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-   -   Quick Lagrangian of a pendulum question (http://www.physicsforums.com/showthread.php?t=584208)

 Lucy Yeats Mar5-12 09:38 PM

Quick Lagrangian of a pendulum question

1. The problem statement, all variables and given/known data

Use the E-L equation to calculate the period of oscillation of a simple pendulum
of length l and bob mass m in the small angle approximation.

Assume now that the pendulum support is accelerated in the vertical direction at a rate
a, ﬁnd the period of oscillation. For what value of a the pendulum does not
oscillate? Comment on this result.

2. Relevant equations

3. The attempt at a solution

I've got the first bit:
L=(m/2)(l^2)(dθ/dt)^2-mgl(1-cosθ)
E.O.M.: d2θ/dt2+(g/l)sinθ=0
d2θ/dt2+(g/l)θ=0 in the small angle approximation,

For the next bit, I just need help setting up the equations:
So the generalized coordinates are θ and a.
Are the following correct?:
x=lsinθ
y=-lcosθ+at
(taking the origin as the point from which the pendulum is swinging)

 jambaugh Mar5-12 09:45 PM

Re: Quick Lagrangian of a pendulum question

Quote:
 Quote by Lucy Yeats (Post 3800525) I've got the first bit: L=(m/2)(l^2)(dθ/dt)^2-mgl(1-cosθ) E.O.M.: d2θ/dt2+(g/l)sinθ=0 d2θ/dt2+(g/l)θ=0 in the small angle approximation, which is S.H.M. with ω^2=√(g/l) (though I'm not sure about this as there's no minus sign in the E.O.M.) so T=√(l/g)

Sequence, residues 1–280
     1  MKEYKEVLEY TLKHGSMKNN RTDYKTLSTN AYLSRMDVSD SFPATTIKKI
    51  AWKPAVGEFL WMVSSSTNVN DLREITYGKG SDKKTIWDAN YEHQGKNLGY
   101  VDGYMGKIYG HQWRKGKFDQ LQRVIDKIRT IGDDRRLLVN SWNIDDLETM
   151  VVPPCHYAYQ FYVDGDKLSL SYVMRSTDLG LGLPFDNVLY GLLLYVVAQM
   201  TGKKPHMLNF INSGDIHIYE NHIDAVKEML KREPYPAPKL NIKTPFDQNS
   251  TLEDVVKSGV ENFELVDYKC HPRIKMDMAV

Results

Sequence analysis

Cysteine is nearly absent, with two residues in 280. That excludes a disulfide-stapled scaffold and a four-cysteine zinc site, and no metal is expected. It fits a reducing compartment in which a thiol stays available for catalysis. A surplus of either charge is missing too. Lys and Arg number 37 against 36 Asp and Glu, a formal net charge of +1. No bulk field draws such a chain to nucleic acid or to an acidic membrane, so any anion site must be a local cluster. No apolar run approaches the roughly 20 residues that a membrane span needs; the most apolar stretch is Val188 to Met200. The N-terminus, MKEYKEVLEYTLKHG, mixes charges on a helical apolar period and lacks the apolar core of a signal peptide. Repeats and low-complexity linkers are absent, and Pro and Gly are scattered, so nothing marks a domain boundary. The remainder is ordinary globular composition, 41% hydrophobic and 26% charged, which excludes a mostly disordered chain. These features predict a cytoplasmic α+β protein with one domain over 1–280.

Careful here, $\omega$ is that angular velocity in radians per time unit. Your T is the time to travel one radian (of the oscillatory cycle) not time per cycle. You need to multiply by $2 \pi$.

 Lucy Yeats Mar5-12 10:00 PM

Re: Quick Lagrangian of a pendulum question

Thanks for pointing that out, I'll correct that in the first post. :-)

 Lucy Yeats Mar6-12 03:17 AM

Re: Quick Lagrangian of a pendulum question

Any help would be great. :D

 Lucy Yeats Mar6-12 04:22 AM

Re: Quick Lagrangian of a pendulum question

 I like Serena Mar6-12 12:17 PM

Re: Quick Lagrangian of a pendulum question

Quote:
 Quote by Lucy Yeats (Post 3800977) Should y be -lcosθ+0.5at^2 instead?
Yes.

Quote:
 So the generalized coordinates are θ and a.
No.
"a" is not a coordinate.
Actually only θ is a generalized coordinate since the y coordinate of the support is constrained to be y=0.5at^2.
The angle θ is the only freedom that the system has.

 Lucy Yeats Mar13-12 08:17 AM

Re: Quick Lagrangian of a pendulum question

Great, I've got it now.

Thanks! :-)

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